Yesterday, the House of Commons saw a debate on the funding of medical astrology. Yes. Medical Astrology. The Hansard Report of the debate has a seventeenth century feel to it. Tredinnick asserts that the phase of the moon influences the number of accidents and stops blood from clotting. He has tales of eastern lands that use astronomical signs to influence health care and governments that have official astrological systems. Britain should have them too.
It goes without saying that David Tredinnick is off with the faeries. He is also the democratically elected representative of the constituency of Bosworth. His parliamentary history is tarred by his involvement with the ‘cash for questions’ affair and the recent revelations that he was using parliamentary expenses to buy astrology software and training from ‘Crucial Astro Tools’.
Whilst we might dismiss this man as an eccentric buffoon, the government’s response to his speech is a large cause for concern.
Tredinnick uses his speech to rant about his desire to see more government funding of quackery within the NHS and to use legislation to support quacks in their work. He covers a lot of ground.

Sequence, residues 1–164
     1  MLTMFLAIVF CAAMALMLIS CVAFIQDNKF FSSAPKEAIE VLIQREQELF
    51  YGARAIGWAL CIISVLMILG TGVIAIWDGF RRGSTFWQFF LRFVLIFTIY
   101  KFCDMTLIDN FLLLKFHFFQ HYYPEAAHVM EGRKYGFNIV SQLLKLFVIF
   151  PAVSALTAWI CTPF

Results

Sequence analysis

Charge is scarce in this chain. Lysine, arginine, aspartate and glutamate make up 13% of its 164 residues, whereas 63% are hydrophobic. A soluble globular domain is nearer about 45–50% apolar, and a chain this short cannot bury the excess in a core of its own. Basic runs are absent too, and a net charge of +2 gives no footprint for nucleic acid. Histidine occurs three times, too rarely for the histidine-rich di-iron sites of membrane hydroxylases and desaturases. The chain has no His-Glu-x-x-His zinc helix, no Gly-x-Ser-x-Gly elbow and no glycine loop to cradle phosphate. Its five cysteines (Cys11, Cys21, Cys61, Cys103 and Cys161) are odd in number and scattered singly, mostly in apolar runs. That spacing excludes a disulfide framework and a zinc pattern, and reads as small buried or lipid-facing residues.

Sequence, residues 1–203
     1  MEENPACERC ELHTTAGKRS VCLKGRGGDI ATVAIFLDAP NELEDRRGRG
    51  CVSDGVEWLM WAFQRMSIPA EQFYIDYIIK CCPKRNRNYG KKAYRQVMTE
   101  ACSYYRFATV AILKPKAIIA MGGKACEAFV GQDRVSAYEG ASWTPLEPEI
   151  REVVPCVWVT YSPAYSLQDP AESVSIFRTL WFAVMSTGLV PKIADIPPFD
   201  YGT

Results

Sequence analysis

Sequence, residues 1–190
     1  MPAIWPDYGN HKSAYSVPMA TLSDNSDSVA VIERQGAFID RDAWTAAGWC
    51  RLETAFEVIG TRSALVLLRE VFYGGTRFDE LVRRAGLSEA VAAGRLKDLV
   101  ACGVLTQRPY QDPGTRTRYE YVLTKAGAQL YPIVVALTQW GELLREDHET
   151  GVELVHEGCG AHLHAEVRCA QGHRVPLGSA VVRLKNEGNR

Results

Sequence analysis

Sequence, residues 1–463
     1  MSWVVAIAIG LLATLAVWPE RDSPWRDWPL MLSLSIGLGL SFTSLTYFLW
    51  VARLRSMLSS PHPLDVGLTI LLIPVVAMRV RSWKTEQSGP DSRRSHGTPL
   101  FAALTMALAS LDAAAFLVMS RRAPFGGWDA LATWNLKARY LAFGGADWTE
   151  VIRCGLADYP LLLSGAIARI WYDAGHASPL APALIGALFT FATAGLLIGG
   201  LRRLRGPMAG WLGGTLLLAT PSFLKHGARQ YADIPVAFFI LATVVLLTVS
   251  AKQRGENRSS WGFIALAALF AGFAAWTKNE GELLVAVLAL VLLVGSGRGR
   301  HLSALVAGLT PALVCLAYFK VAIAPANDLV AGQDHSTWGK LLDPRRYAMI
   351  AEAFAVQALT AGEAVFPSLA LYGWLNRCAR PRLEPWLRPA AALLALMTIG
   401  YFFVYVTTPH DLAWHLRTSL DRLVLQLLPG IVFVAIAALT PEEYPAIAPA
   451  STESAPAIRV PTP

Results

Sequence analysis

He rants about how homeopaths (a favourite of his) are under attack from the World Health Organisation. He fails to mention these homeopaths are trying to use their sugar pills to treat AIDS and malaria – a practice that can only really be described as murderous. Tredinnick misrepresent the research on homeopathy and childhood diarrhoea – a condition that kills hundreds of thousands in the developing world – by saying that trials have ‘proved’ its efficacy. Utter nonsense.
Tredinnick brings to parliament’s attention the Simon Singh affair:
There are also serious problems in chiropractic, which one might call an assisted discipline to osteopathy. The General Chiropractic Council has been bombarded by complaints from bloggers—spurious complaints I would say—which it is obliged by law to investigate. I am very concerned that genuine complaints will not get through and that any practitioner, against whom a genuine complaint had been lodged, could continue to practise. Will the Minister look at this very unsatisfactory situation, which arose following an individual losing a court case against the British Chiropractic Association?
This is a very misleading statement. Simon Singh has not lost a court case against the BCA. It has not gone to trial yet. Indeed, the whole libel case has attracted massive media attention due to the terrible way this case is being used to close down debate about chiropractors and their dubious methods.
The complaints from various people to the GCC are far from spurious too. Claims are being made by chiropractors where there is not a jot of evidence to support them. This is a serious public health issue and the MP is completely missing the point.